Peter Hotez, dean for the National School of Tropical Medicine and professor of pediatrics and molecular virology and microbiology at Baylor College of Medicine, points out that in certain parts of east Africa, skyrocketing temperatures and diminishing rainfall patterns are adversely affecting the mosquitoes that carry malaria and the snails that carry schistosomiasis. Yet temperature increases at higher elevations may create new niches for vector-borne pathogens, further contributing to the redistribution of mosquito- and snail-borne diseases.
Rohr and his colleagues recently published modeling results showing that the transmission of West Nile and five other mosquito-borne viruses peaks between 23°C and 26°C before dropping off as temperatures increase. According to the model’s predictions, transmission seasons will lengthen where cooler areas get warmer and contract in areas where the current temperatures already bump up against the vectors’ thermal limits. The model also shows that warming can boost transmission in higher elevations, where cool temperatures ordinarily keep vector populations in check.
Temperature increases at higher elevations may create new niches for vector-borne pathogens.
That is concerning especially for malaria transmission risk in the highlands of east Africa, which stretch over an area the size of Egypt south of the Sahara desert. Reaching heights of at least 1,500 meters, the highlands tend to be cool, with daily mean temperatures below 20°C. Malaria transmission occurs only seasonally in the region, and because of that, people who reside there are less likely to build an immunity to the disease than people in lower-lying areas where infections occur year-round.
With climate change, however, “I think malaria transmission in the highlands will increase,” says Marcia Castro, Andelot Professor of Demography and chair of the Department of Global Health and Population at the Harvard T.H. Chan School of Public Health. “Over time, those areas will become more susceptible to the mosquito vector staying longer than just a few months of the year.”
Predicting how warming affects malaria transmission is challenging, however, because climatic pressures often occur in tandem with land-use changes and health interventions that affect local disease rates. Indeed, deaths from malaria declined 40 percent in Africa between 2000 and 2015, largely because of the expanded use of insecticide-treated bed nets.
While a postdoc at the Harvard Chan School, Pamela Martinez, now an assistant professor of microbiology and statistics at the University of Illinois Urbana-Champaign and a visiting scientist at the Chan School, collaborated on a project to isolate the effects of temperature on the number of malaria cases in the highlands of Ethiopia. Malaria cases had surged in the highlands during the 1970s but by the beginning of the twenty-first century, the number of cases in the region had mysteriously fallen off. Martinez and her colleagues knew that efforts to protect local populations from infection had ramped up only in 2005, years after the incidence had begun trending downward. So public health interventions were not the likely reason for the decrease.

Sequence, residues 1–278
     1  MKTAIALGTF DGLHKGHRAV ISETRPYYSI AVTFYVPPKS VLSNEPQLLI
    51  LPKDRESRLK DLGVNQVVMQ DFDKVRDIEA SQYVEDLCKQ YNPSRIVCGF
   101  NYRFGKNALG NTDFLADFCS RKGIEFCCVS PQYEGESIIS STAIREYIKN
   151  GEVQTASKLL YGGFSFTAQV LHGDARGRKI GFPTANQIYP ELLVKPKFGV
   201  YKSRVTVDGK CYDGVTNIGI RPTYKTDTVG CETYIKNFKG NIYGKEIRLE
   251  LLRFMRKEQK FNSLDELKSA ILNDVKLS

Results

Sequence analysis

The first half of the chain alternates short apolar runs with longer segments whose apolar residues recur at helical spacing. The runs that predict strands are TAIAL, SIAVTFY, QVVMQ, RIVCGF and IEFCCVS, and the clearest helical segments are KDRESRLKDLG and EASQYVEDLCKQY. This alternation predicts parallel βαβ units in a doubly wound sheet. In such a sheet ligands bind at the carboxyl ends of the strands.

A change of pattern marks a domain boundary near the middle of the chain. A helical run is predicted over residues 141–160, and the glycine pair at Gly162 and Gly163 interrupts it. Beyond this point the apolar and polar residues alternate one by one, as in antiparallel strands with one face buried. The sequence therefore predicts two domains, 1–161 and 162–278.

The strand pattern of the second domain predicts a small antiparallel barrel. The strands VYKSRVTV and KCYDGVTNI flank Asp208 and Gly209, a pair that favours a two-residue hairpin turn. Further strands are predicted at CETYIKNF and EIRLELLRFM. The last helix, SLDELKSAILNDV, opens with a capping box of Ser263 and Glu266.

As it happened, however, the slowdown coincided with a multiyear pause in global warming between 1998 and 2005. During that time, mean global surface temperatures hardly budged, a phenomenon that scientists now attribute to transient and unusually strong oscillations in oceanic currents—El Niño in 1997-1998 and La Niña in 1998-1999—that led to the sea absorbing more heat from the atmosphere than normal.
Martinez and her colleagues suspected that the pause in global warming and the slowdown in malaria transmission were connected. Regional climate records confirmed that local temperatures had dropped in tandem with global averages during the period. When they modeled the data, the scientists found that climate conditions and the decrease in malaria cases were strongly coupled. Martinez says the findings underscore the crucial role of temperature in driving the incidence of malaria either lower or higher.
Warming also expands opportunities for disease transmission by other tropical pathogens, such as the Zika virus. Transmitted by the Aedes aegypti mosquito, the Zika virus had been common only in a narrow equatorial range in Africa and Asia. After 2007, however, the virus began spreading eastward across the Pacific Ocean. Since then, more than 80 countries have reported Zika outbreaks. An outbreak that began in Brazil in 2015 led to an estimated 1.5 million infections in that country before spreading elsewhere in the Americas. Zika typically produces mild symptoms, such as fever, rash, and muscle aches, but, in rare cases, patients can develop Guillain-Barré syndrome, a condition that drives immune cells to attack the nerves. Furthermore, infection with Zika during pregnancy can lead to debilitating birth defects, including microcephaly, in which the head and brain are abnormally small.
Bonds and his colleagues recently published a modeling study suggesting that in a worst-case scenario, 1.3 billion more people would live in temperature conditions suitable for Zika transmission by 2050. That scenario assumes that fossil fuels will be burned at ever-increasing rates. “It’s amazing how fast Zika takes off when temperatures are suitable for the mosquito vector,” says Bonds, who has doctoral degrees in ecology and economics. “Our models show it spreading like wildfire.” Bonds predicts that people living in most of the southern United States will over time face higher risks not only for infection by the Zika virus, but for infections by related flaviviruses in the same genus, including those that cause West Nile, dengue, and yellow fever.